ASadr spokesman, Salah al-Obaidy, arrives for a scheduled interview in a light grey dishdasha rather than his cleric's robes. Many of the group's officials are moving undercover. I had arranged to meet al-Obaidy at the Sadr office in Kadhimiya, a neighborhood that is home to a Shiite shrine and heavily guarded by Iraqi army and police. When we arrive at the checkpoint to enter the neighborhood, the police ask where we are going. They emphatically inform us that there is no longer a Sadr office in Kadhimiya. A few minutes later, al-Obaidy calls and gives us directions to an alternate location.
Al-Obaidy explains why Sadr ordered the cease-fire, but he suggests it may not last forever.
"The Americans have started to think of reducing their troops and pulling out of Iraqi cities," he says. "They have started to change their thinking, and we have to change our thinking. We have made the decision to freeze Jaish al Mahdi, but still, as long as there are occupying troops, we have to keep some people working for the opposition, because we are afraid U.S. troops would return to Iraqi cities. This period of calm will give us some time to rediscipline them. We hope that negotiations between the Iraqi government and the American government will reach a timetable and we will not be in need of these groups."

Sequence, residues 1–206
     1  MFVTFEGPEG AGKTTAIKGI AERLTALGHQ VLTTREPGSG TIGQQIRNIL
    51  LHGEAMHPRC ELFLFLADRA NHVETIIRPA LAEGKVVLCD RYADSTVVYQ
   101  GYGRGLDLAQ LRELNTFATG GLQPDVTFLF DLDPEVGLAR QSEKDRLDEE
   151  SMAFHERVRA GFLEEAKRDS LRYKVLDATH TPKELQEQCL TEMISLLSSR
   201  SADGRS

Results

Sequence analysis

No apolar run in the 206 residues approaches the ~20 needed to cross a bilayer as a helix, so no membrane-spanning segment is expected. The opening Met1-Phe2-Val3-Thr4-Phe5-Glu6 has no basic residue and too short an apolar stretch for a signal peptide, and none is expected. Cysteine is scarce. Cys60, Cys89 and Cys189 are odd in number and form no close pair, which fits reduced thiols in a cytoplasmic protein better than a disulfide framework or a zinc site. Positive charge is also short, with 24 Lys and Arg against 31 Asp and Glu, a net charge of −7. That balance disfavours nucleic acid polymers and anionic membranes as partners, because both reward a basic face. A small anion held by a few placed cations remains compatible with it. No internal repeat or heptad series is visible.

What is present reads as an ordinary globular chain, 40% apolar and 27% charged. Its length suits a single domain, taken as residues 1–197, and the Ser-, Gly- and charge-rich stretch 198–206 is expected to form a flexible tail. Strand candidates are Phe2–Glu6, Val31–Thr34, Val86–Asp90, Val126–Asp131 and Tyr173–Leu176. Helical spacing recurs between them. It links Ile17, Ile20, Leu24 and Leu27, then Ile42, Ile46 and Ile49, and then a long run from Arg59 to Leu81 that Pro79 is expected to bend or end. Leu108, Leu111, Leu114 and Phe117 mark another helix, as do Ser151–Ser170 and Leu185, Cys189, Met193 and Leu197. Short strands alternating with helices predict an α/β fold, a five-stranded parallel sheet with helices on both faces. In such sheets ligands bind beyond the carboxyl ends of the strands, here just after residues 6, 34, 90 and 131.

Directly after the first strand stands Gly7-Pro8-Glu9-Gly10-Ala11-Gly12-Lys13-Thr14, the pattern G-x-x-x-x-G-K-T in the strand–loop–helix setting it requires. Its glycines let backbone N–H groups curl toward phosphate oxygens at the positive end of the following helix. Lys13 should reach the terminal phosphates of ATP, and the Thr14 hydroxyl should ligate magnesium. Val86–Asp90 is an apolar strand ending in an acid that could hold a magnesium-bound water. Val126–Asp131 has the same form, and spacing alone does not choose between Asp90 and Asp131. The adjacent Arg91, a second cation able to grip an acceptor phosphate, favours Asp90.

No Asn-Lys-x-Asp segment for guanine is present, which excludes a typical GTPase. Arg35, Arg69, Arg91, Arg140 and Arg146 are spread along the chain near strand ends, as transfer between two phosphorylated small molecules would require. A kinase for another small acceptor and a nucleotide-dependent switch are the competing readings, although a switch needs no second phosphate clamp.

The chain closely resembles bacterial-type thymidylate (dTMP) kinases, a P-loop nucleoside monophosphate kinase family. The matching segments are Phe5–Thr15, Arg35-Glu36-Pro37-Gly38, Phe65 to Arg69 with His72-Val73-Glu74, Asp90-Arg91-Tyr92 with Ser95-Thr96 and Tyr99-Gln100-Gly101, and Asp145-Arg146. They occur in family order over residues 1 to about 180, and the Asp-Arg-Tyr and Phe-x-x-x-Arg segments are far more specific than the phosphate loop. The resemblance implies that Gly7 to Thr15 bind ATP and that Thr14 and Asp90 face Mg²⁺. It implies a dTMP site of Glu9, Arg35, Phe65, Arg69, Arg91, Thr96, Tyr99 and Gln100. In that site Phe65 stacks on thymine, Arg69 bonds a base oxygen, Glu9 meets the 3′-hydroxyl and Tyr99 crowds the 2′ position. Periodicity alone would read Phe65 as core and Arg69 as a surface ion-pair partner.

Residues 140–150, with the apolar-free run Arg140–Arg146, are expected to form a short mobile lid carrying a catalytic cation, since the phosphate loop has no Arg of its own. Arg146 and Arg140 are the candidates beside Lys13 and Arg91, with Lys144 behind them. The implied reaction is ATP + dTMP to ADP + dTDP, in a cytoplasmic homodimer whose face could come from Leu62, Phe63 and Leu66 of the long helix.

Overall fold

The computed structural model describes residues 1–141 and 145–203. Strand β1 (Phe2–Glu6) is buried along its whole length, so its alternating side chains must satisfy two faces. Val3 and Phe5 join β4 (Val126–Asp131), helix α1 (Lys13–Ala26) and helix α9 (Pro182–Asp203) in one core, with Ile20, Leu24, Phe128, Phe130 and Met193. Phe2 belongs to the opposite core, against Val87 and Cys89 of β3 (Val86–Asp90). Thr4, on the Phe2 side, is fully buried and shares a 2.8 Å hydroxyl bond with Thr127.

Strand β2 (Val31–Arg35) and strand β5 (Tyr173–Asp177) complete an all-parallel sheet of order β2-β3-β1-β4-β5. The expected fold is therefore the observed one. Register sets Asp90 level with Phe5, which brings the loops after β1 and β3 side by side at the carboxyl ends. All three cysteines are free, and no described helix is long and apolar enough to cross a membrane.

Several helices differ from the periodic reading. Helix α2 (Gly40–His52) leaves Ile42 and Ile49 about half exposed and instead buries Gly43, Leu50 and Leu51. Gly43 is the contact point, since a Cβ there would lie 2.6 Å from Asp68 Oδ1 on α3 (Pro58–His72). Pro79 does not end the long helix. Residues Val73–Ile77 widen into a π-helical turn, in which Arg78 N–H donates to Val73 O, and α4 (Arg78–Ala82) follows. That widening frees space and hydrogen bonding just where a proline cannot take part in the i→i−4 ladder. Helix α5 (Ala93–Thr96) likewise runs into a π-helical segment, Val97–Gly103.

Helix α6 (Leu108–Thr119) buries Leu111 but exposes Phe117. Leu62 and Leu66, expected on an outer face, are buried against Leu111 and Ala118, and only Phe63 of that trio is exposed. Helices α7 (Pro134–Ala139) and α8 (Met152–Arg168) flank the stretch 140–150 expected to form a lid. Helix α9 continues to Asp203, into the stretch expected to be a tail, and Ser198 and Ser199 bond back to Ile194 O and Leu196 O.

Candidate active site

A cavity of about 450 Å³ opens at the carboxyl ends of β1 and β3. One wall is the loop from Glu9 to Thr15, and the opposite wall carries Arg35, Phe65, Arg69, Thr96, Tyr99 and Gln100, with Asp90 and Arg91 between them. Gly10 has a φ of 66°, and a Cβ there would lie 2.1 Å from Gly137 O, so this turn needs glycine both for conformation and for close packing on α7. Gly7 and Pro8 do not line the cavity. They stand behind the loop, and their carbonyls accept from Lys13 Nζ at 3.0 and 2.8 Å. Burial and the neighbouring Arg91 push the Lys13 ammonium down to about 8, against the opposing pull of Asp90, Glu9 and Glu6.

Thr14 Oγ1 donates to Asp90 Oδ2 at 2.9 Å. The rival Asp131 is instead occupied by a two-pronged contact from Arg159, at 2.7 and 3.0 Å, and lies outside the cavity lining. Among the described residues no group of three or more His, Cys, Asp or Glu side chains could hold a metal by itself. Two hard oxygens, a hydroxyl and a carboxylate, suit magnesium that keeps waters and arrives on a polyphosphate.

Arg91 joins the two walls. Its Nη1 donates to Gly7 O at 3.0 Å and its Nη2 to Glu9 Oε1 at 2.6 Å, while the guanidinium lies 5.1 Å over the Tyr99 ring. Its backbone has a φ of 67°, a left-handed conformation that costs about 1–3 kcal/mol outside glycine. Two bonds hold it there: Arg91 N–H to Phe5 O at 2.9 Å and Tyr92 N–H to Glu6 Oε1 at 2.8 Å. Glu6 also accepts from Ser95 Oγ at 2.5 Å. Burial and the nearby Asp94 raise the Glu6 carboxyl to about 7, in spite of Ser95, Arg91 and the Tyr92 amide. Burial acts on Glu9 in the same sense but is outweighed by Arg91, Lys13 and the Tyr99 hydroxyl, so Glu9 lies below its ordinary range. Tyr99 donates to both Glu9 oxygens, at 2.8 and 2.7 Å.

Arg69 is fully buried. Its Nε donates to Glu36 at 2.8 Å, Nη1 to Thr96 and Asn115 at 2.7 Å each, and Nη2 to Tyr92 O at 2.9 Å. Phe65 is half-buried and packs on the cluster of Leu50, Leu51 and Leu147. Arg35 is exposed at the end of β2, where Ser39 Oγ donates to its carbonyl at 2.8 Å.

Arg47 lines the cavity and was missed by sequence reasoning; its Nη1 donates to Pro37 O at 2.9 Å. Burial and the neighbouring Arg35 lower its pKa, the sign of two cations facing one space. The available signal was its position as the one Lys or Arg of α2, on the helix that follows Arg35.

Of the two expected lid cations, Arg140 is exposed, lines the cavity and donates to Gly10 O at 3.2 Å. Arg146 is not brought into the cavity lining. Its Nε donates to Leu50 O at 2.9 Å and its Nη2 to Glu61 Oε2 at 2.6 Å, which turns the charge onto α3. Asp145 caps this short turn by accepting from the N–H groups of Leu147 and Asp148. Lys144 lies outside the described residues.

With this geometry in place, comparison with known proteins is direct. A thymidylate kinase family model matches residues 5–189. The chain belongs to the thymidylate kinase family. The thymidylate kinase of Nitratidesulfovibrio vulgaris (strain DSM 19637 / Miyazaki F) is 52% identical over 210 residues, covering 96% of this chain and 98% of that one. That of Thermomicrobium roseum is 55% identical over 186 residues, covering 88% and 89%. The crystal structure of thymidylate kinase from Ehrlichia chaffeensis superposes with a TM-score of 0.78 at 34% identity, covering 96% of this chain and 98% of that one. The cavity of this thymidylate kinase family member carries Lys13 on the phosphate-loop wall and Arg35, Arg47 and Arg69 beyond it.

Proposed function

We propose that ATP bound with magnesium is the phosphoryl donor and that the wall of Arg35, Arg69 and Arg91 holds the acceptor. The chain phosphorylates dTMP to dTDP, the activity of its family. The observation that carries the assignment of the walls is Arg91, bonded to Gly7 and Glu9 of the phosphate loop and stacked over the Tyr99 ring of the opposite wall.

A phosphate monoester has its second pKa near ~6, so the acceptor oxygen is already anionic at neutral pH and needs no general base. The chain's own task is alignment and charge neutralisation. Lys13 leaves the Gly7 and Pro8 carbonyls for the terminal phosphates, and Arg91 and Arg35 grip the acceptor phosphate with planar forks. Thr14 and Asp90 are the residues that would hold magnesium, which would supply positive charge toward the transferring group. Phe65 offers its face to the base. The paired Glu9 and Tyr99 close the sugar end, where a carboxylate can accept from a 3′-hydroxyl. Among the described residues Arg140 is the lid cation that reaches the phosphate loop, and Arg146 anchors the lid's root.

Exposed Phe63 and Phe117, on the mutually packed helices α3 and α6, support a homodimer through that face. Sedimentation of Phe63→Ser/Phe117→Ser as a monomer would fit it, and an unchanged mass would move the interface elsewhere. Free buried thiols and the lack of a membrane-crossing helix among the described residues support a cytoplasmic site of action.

He addresses the issue of the group's links to Iran.
"We have the right to cooperate with anyone who can help us here and there, including the Iranians. But we are not the followers of the Iranian" line, he says. "Our agenda is working against the occupation."
He is careful to point out that the Iraqi political party with the closest links to Iran is SIIC, which he also says is using the cover of law and order to disenfranchise Sadrieen across the country ahead of the next round of Iraqi elections, which aren't likely to happen until early 2009.
The office of Tayyera Sadrieen in Sadr City is emptier than I have ever seen it. Since 2003, it has been a place people would come to offer support or seek assistance. But during multiple visits in July, aside from a writer and a photographer working for The New York Times, I observed only one other visitor besides myself: a woman who came in complaining that her neighbors, recently moved in next door, were prostitutes. She pleaded with the men in the office to do something about it.
"Go ask the army," the men told her. "We're civilians now."
In most of Baghdad's other neighborhoods, it is clear the militia is not missed, and that if walling in Sadr City is what had to be done, then so be it.